Mazda 3 MPS 2007 Road Test
Over the last three years Mazda has made a million Mazda 3s. It’s the company’s best selling model ever. So now’s the time for a high performance version. The Mazda 3 MPS.
However, the Mazda 3 MPS is not just a warmed over Mazda 3. This hatchback had to be hotter than everyone else’s. Including the Golf GTI 2.0T, the Leon 2.0T FR, the Focus ST, the Astra VXR, the Alfa 147 GTA and the Megane 225.
Under the bonnet you’ll find the same 260PS, 380Nm torque 2.3 chain-cam turbo engine as fitted to the four-wheel drive Mazda 6 MPS.
Only the 3 isn’t four-wheel drive. Which, together with its unequal length driveshafts, caused Mazda’s development engineers more than a few headaches in trying to get the power down.
This test of three parts begins in Summer 2006.
The car has electronic traction control and dynamic stability control, like the Mazda 3 Sport. Unlike the 150PS Sport, it also has a mechanical limited slip differential. But as well as that, in an attempt to get all that power and torque to the tarmac, it also has a steering-angle-sensitive throttle damping system. The idea is that when the steering is turned the system curbs the amount torque steer before the front-end heads for a kerb.
This only partially works. Boot it too hard and you do feel the front wheels both searching for grip and finding every tramline in the road surface. Drive it a bit more sensibly, though and it’s fine.
This is a very rapid car. It easily gets up to 125mph, then carries on accelerating to about 140 or so. The last 20mph come a bit more slowly and, though it’s limited to 155mph (163 on the clock), there isn’t much more there anyway.
It’s stable at those kind of speeds. (Fortunately we had a long stretch of de-restricted autobahn to find out.) However, the question of the relevance of this last-gasp top end in our ludicrously speed limited nanny state is left unanswered.
A benefit of the power, of course, is excellent acceleration to get you past slow-moving traffic very rapidly. It’s a fair bit quicker than an unchipped Focus ST. Handling isn’t quite as reassuring, however. There’s no way you can convert a drift in one direction to a drift in the other, as you can, on a track, in the Focus ST (which has basically the same floorpan). The relatively lighter steering of the Mazda just doesn’t give you the confidence get involved in games like that.
It’s a very good looking car. Not overdressed with the standard Euro spec bodykit. The seats are comfortable. The ride quality, even on 215/45 R18Y Bridgestones, is fine. You can specify optional satnav, if your want it. And for Britain Mazda hopes to offer an option of the bigger rear spoiler Japanese versions have, together with slightly dropped suspension and lower side skirts.
It shares the excellent standard Mazda feature of a knurled knob reclining mechanism for the driver’s seat and a lever for the passenger, so the driver doesn’t find himself suddenly flat on his back while trying to adjust the seat mid-journey, but the passenger can flop down at will.
List price will probably be between £19,000 and £20,000, putting the Mazda 3 MPS in the territory of a Golf GTI 2.T, a Leon 240PS Cupra or a Bluefinned high spec Focus ST, but below a Golf R32.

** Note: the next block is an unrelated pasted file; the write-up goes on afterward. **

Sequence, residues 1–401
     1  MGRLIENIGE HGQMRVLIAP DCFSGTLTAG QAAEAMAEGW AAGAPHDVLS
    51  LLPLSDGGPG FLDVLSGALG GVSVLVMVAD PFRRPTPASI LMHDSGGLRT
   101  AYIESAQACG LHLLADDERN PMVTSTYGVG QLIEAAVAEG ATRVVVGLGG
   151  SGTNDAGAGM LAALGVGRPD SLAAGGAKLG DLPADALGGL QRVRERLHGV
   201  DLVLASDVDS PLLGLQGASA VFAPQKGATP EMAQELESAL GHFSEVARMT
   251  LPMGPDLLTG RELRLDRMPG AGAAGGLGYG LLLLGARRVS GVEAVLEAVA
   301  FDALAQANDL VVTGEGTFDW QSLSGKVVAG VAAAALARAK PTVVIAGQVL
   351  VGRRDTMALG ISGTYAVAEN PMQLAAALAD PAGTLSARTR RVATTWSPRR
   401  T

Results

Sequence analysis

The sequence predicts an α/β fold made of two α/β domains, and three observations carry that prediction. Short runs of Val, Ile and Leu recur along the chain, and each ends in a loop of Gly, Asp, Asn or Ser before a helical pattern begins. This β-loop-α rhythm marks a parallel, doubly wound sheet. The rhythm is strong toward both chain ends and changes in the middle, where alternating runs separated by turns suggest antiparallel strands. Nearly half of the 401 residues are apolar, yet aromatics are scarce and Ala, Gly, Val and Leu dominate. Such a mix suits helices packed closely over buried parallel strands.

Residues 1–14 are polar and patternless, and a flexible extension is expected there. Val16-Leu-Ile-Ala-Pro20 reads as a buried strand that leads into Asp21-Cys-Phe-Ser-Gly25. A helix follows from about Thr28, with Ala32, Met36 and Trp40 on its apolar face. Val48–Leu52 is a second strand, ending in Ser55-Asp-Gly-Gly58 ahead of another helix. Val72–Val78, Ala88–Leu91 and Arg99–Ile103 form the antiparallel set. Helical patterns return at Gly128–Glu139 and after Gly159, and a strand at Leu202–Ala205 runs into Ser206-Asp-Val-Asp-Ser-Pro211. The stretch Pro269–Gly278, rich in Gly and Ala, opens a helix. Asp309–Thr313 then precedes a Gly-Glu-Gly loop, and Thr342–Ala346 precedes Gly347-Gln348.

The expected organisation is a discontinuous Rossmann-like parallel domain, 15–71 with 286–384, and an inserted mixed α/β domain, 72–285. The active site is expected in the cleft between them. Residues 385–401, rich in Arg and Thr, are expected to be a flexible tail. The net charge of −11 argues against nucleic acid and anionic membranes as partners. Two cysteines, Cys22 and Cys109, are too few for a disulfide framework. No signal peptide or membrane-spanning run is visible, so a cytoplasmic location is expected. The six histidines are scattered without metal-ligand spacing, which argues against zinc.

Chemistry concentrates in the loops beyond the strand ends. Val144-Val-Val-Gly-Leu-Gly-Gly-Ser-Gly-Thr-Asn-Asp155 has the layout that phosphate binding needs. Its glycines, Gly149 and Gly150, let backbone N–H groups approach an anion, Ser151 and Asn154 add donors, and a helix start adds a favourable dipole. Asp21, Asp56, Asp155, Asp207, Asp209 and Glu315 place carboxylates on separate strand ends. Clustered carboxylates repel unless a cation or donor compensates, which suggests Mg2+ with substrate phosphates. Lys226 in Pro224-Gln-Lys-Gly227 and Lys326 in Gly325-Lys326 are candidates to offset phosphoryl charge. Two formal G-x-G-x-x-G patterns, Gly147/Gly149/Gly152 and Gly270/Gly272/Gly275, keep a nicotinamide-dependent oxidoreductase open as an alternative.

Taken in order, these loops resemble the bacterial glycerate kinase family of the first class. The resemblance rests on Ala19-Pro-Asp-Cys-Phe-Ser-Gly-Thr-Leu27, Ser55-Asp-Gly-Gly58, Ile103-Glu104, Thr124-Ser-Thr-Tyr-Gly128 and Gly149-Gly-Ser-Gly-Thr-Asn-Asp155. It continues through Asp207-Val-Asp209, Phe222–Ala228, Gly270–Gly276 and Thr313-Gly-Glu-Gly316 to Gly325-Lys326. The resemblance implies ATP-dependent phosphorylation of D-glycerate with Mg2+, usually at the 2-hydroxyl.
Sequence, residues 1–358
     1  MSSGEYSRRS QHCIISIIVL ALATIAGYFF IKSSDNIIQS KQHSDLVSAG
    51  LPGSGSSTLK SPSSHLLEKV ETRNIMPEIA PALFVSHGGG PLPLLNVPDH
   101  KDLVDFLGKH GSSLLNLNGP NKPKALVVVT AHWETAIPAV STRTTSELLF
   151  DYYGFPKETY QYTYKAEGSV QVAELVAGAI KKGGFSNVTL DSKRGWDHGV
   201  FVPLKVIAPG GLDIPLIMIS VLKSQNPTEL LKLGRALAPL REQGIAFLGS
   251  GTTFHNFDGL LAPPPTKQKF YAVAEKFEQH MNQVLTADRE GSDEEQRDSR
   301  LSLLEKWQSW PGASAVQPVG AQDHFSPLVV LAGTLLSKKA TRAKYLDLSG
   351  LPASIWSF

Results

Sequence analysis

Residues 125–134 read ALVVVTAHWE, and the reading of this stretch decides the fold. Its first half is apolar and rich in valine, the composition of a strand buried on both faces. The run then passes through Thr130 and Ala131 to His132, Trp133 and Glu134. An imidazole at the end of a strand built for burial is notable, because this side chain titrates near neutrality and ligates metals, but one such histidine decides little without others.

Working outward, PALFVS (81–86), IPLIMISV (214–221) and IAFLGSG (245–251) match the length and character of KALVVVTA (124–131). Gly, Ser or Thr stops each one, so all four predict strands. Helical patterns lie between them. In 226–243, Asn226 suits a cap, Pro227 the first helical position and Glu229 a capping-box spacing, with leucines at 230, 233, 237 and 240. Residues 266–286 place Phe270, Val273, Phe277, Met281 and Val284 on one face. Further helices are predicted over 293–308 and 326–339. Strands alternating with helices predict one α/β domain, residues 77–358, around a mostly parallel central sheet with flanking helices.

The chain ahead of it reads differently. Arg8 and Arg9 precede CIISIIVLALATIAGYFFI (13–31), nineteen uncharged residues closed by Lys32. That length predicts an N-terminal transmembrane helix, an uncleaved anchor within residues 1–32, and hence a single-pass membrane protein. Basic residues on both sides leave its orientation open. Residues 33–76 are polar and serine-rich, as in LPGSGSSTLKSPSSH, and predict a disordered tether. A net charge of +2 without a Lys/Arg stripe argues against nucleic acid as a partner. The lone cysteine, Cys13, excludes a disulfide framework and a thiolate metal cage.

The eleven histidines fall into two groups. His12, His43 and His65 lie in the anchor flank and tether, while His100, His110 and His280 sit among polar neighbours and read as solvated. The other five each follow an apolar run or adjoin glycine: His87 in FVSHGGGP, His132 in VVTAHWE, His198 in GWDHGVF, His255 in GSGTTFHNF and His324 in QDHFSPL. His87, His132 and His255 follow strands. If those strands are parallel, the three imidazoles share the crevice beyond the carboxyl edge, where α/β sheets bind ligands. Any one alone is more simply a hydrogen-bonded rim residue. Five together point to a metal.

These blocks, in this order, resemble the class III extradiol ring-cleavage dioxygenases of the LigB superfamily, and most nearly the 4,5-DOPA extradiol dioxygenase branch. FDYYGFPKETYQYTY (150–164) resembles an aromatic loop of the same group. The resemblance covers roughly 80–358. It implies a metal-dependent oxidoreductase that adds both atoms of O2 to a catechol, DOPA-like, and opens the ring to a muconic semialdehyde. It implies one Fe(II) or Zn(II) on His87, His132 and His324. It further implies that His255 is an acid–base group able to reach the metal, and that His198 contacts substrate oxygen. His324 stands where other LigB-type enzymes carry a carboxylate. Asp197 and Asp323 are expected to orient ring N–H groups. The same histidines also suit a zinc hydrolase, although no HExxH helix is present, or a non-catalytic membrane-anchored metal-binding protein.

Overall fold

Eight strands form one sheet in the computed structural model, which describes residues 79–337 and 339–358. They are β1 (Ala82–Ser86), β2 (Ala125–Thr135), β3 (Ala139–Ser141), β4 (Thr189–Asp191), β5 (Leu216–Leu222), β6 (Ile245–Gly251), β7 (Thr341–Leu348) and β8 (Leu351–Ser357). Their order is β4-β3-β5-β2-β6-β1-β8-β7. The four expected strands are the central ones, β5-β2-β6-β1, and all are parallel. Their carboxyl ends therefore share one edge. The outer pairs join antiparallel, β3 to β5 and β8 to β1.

But do you want one? Unusually among this class of car you do get a chain-cam engine. You get the highest power output (even more than a Golf R32 and just 5PS less than a £27,000 Audi S3). You get Mazda looks and quality. Insurance is a relatively low Group 17. And, take it easy, and you should manage 30 mpg.
A different road, a different car?
In late November 2006 I got another chance to drive the Mazda 4 MPS, this time with right hand drive and during unusually mild weather in the North of Scotland.
If anything could have been a true test of the car’s abilities, this was. Damp surfaces. Straights with sudden undulations. Every kind of twist and turn.
And the car was nothing like as unruly as I thought it might have been.
You really had to be careful applying the power out of a 3rd gear corner, despite the attentions of the DSC and TCS. But using a bit of common sense the 260PS could not only be contained, it could be used.
A slight irritation is that with the headlights on (essential when driving quickly on these roads at this time of year) the backlit instrument lighting dim (thinking it is night) and you can’t quickly see quite how quickly you are going. But basically the car cruises at 100 on twisting A and B roads where normal cars would be pushed to do 80.
Yes, you do have to be more aware of the power than in a Focus ST or a Volvo C30 T5. But it isn’t going to fling you off the road unless you do something really stupid.
And nothing else actually gives you quite as much power to play with for £18,995.
Mazda 3 MPS Sports Aero
Later still, in April 2007 I, had a chance to track-test this against the standard car at Castle Combe on 10th April. Both cars are much better on the track than some of the other road tests would have you believe and are very easily controlled with just a little bit of torque steer and no bite-back.
Quick, too, pulling up to 120mph on the main straight into Quarry.
The Sport Aero engine seemed a rev a bit more freely than the standard car. Maybe it just cut through the air better thanks to the improved aerodynamics, and the slightly dropped suspension made a useful improvement to handling.
On both cars the (same) brakes were well up to the job, including knocking off 60 miles an hour of speed at Quarry, which says quite a lot.
The Sports Aero is well worth the extra £500, but the smaller, more aerodynamic mirrors don't give such a good view.
The kit is factory fit only and cannot be retro-fitted.